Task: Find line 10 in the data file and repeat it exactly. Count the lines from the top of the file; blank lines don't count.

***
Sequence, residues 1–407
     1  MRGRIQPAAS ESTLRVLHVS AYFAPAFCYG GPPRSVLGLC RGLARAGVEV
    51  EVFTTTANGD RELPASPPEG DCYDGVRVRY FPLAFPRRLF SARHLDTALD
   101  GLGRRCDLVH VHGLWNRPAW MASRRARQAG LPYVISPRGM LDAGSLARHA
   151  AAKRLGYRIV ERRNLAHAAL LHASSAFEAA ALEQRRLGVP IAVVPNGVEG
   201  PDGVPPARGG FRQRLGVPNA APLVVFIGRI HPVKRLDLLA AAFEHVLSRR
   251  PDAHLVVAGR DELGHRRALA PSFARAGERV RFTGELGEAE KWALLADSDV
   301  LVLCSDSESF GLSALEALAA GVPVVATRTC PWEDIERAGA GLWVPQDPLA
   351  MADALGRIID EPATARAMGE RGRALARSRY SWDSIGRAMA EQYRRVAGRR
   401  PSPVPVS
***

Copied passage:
   401  PSPVPVS